Review: Reading the OED

In July of 2006, self-professed dictionary lover Ammon Shea set out to read the Oxford English Dictionary, all 21,730 pages of it. A year later, he completed his task, but not without damaging his vision a little. In Reading the OED, Shea shares reflections of his journey, as well as some of his favorite words. The book is (blessedly) short but provides a glimpse into the tome that represents the end-all be-all to vocabularians (“one who pays too much attention to words,” p. 194). This book is great for grabbing and reading a chapter here and there, especially if you find yourself needing a break from a particularly daunting work of fiction, as I did. The chapters are titled “A” through “Z” and begin with short anecdotes that reveal the difficulties and joys of Shea’s journey. There are many nuggets found in this part of the chapters that are worth the effort you might think this book would take. For example:

Reading the OED by Ammon Shea

Reading the OED by Ammon Shea

“I snickered like my twelve-year-old self, looking up the dirty words in the dictionary, when I discovered that the original meaning of fizzle was to fart silently.” – p. 180

And while I will likely never read the entire dictionary through (despite Mr. Shea’s exhortations that I do the opposite), I did feel a certain kinship with him and his love of words and the books that hold them.

“I’ve never sat down at a new computer and, prior to using it, felt a deep and abiding need to open it up and sniff it as deeply as I can, the way I have with many a book. To me, computers all smell the same, and their smell is not a nice one. And though a computer will inarguably hold far more information than even the largest of books, sitting down at a computer has never provided me with that delicious anticipatory sense that I am about to be utterly and rhapsodically transported by the words within it.” – p. 57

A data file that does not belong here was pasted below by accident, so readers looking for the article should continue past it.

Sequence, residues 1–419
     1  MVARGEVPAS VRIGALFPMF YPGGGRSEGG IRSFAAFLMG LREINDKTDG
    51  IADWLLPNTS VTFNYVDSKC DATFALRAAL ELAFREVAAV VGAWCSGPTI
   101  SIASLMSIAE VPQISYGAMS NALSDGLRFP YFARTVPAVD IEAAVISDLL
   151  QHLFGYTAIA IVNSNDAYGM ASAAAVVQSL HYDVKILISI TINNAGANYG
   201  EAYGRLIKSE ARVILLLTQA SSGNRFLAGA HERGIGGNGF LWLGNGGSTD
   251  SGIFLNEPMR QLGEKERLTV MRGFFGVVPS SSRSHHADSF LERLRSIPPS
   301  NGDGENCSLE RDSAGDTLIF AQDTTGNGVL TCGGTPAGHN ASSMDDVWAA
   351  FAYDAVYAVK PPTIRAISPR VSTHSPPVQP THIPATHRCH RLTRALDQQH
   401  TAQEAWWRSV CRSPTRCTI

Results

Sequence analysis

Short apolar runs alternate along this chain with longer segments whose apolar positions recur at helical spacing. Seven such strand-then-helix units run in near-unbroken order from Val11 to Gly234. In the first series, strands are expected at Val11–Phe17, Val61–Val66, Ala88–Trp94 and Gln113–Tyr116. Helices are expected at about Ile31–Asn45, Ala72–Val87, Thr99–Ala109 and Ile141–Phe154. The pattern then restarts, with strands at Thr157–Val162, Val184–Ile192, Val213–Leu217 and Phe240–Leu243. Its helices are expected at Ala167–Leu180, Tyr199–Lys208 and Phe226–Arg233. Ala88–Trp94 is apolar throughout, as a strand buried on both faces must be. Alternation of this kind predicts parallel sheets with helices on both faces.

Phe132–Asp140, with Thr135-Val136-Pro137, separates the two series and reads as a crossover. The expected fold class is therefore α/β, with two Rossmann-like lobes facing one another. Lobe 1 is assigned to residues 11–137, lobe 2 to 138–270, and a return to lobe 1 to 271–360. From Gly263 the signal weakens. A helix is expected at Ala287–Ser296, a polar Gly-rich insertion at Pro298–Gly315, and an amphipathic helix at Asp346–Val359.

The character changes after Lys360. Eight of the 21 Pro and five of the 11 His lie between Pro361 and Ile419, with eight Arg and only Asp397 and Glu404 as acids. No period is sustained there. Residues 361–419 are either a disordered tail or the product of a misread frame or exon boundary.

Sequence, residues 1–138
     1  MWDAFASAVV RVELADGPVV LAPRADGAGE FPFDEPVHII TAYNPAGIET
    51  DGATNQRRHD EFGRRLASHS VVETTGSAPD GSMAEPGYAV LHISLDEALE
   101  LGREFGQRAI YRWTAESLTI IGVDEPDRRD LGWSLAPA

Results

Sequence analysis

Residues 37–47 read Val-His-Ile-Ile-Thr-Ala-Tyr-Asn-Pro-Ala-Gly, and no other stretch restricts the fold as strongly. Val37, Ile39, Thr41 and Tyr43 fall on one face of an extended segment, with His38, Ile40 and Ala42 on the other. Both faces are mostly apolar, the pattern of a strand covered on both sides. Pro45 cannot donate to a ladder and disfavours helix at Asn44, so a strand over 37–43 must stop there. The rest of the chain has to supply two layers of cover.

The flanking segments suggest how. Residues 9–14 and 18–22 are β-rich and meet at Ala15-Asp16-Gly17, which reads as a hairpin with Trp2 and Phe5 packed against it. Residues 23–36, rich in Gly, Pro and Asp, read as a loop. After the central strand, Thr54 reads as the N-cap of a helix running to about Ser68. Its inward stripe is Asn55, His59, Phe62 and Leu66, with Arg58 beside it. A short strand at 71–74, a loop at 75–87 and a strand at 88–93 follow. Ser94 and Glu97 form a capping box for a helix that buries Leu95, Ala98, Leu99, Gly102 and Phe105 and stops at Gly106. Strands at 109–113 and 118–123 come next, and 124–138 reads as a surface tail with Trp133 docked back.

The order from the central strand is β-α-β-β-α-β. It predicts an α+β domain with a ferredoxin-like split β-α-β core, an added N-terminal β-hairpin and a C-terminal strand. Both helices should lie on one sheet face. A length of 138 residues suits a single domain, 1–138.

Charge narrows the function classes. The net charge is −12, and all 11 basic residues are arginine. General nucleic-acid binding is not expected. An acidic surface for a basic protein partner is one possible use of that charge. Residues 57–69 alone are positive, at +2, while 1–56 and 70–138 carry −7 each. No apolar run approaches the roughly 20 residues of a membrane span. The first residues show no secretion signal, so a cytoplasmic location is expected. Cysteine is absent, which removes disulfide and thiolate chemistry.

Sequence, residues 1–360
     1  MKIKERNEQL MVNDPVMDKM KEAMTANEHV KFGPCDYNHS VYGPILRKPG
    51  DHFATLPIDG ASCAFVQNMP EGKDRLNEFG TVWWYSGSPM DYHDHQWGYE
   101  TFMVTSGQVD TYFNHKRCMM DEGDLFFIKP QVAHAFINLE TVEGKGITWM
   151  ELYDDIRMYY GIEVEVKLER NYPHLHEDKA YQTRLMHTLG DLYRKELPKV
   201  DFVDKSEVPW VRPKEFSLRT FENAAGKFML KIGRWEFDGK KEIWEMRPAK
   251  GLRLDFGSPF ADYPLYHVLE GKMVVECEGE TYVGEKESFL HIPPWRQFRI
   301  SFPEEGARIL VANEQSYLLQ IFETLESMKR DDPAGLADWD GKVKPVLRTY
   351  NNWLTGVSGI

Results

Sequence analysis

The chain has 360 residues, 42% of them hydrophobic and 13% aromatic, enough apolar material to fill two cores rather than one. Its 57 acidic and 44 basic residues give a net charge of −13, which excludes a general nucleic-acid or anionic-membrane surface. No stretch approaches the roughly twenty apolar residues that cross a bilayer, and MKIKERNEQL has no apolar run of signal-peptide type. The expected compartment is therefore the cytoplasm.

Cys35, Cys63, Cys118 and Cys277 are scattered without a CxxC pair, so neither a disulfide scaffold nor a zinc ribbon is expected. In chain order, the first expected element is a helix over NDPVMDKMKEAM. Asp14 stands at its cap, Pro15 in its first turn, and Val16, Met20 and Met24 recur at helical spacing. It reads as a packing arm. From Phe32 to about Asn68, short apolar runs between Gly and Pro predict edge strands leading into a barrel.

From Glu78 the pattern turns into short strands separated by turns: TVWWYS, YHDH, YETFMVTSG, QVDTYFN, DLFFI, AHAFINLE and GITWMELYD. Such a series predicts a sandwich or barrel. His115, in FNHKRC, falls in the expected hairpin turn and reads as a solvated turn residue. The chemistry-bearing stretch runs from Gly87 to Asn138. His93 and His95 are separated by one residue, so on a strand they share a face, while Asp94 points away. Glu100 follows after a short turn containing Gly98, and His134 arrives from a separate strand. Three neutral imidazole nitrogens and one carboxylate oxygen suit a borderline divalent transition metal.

Well said, Mr. Shea, well said! These lovely anecdotal chapter openings transition to a selection of words that conclude the chapter. You could skip a word, but the reflections included after the definition chosen by Shea to share are the whole point of the book.

As for the words that I discovered and truly enjoyed, there were more than I expected. Indeed, many of the words I found myself enjoying was thanks to Shea’s short, oft-amusing reflections on the words he highlighted for his readers. I was amazed to find that there were some of these words that I actually knew and used, such as upchuck (“to vomit,” p. 189) and colloquialist  (“an excellent talker,” p. 31). There were many that made sense to me thanks to my background in Latin, though I had never heard these words. There were words that I felt described me. For example, deteriorism (“the attitude that things will usually get worse,” p. 41, which is my basic outlook on life), consenescence (“growing old together; general decay,” p. 32, which I’m doing right now), disasinate (“to deprive of stupidity,” p. 42, which I see as a professional goal) and onomatomania (“vexation at having difficulty in finding the right word,” p. 134, which is constantly happening to me, no matter how many times I’ve used that perfect, elusive word). There were some that were just ridiculous, and many, many that were laugh-out-loud funny. I particularly loved shot-clog (“an unwelcome companion tolerated because he pays the shot for the rest,” p. 174) and wonderclout (“a thing that is showy but worthless,” p. 200). That is the true value of this particular book – seeing the Oxford English Dictionary through Shea’s eyes. It’s easy to get excited about words when the person who is telling you about them is abundantly excited and approaches his impossible task with a sense of self-effacing humor.


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